Conclusion:. Canon doesn’t see the need for it on their cameras. Why? We don’t know, only Canon does. Could be they considered it, and declaratively decided to not implement it to keep the UI streamlined (not just display clutter by showing the same information in two ways, but also to avoid feature creep and ever-expanding menu options). Could be no one is asking for it (people asked for more DR, people asked for f/8 AF, and they got them). Could be they were going to add it to all past and future DSLRs, and they knew you wanted the feature years ago (even though this thread is the first I’ve seen you mention it), but they decided not to include it just to frustrate you. ;)
 

CanonFanBoy

Purple
CR Pro
Jan 28, 2015
5,550
3,943
Irving, Texas
fullstop said:
well, i am "just a user". As such I simply don't accept, that % battery meters are possible and implemented in many smartphones and in some cameras, including e.g. Canon 5D series, only buried in a menu, instead of on screen. With a user menu toggle to switch between OFF, bar indicator, percent #, both.

Ideally I'd not even like to see % battery charge remaining, but "range" information, as in cars where we get quite good "range km/miles left" predictions, based on current consumption and previous consumption and whatever sensor inputs and AI. Not to mention a Tesla instrument panel ... :)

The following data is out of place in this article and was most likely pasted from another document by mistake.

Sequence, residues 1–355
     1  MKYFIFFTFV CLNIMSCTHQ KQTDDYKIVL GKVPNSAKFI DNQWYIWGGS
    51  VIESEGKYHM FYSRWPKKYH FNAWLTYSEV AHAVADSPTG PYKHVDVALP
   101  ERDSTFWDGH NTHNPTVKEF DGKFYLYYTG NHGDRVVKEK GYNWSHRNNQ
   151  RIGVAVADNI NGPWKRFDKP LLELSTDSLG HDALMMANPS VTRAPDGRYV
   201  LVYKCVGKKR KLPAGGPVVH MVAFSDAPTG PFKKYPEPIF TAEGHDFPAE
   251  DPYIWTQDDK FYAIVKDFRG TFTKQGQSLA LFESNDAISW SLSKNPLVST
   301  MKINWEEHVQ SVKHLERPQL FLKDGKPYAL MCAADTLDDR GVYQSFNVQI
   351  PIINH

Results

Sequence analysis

Why not use the same concept on camera displays and/or in viewfinder: predicted (!) "number of shots left" [stills capture] or "minutes of video recording left" [video capture]. In 2018 this should really be possible in any camera without major engineering breakthroughs, programming miracles or excessive additional cost. No?

Ummm...
 

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fullstop

EOS R
Apr 23, 2018
1,088
153
;D
hehehe.

who needs accurate and precise [fuel] gauges? Or info on remaining range. As long as you have a spare battery along. Or a canister. :)

https://youtu.be/a5gFuX8HHJQ
 

fullstop

EOS R
Apr 23, 2018
1,088
153
R1-7D said:
When I started reading this thread my iPhone had 17% charge left; now it only has 14%. What a waste.

hehe. On a Canon "4-stage" bar indicator you would not even know this. ;D :p